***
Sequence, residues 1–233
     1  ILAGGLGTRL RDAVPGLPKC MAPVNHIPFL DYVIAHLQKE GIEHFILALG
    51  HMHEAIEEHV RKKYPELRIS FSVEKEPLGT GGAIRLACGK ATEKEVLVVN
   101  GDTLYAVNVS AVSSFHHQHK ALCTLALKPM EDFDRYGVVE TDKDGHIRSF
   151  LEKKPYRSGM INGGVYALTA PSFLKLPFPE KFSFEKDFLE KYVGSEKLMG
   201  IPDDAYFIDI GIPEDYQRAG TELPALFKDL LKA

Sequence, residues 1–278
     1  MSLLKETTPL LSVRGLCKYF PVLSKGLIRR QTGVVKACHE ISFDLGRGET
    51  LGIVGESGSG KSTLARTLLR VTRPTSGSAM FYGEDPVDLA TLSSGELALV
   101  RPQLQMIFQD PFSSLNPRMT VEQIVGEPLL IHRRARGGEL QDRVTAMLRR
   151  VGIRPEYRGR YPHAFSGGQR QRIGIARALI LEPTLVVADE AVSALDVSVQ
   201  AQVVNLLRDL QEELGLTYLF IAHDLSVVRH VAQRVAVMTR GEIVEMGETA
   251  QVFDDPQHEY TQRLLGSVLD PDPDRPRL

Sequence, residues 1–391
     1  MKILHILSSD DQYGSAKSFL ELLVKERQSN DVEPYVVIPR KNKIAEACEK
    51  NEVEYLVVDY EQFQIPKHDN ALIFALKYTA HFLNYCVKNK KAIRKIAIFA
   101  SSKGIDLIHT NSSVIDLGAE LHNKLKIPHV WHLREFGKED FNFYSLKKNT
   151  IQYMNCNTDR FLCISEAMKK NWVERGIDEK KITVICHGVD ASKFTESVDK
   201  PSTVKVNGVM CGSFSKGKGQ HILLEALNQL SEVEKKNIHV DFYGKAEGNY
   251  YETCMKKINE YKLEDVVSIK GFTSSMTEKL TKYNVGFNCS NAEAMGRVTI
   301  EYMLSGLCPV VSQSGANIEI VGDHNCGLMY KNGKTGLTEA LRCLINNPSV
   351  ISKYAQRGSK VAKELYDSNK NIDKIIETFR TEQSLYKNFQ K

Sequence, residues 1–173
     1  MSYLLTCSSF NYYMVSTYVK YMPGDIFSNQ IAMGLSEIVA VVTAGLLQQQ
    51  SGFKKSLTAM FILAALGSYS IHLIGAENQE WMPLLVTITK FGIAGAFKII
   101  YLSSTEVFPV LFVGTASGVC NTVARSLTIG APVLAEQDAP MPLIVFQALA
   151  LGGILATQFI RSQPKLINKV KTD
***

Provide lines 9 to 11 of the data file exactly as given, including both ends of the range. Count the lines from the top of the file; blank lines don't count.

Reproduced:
    51  LGIVGESGSG KSTLARTLLR VTRPTSGSAM FYGEDPVDLA TLSSGELALV
   101  RPQLQMIFQD PFSSLNPRMT VEQIVGEPLL IHRRARGGEL QDRVTAMLRR
   151  VGIRPEYRGR YPHAFSGGQR QRIGIARALI LEPTLVVADE AVSALDVSVQ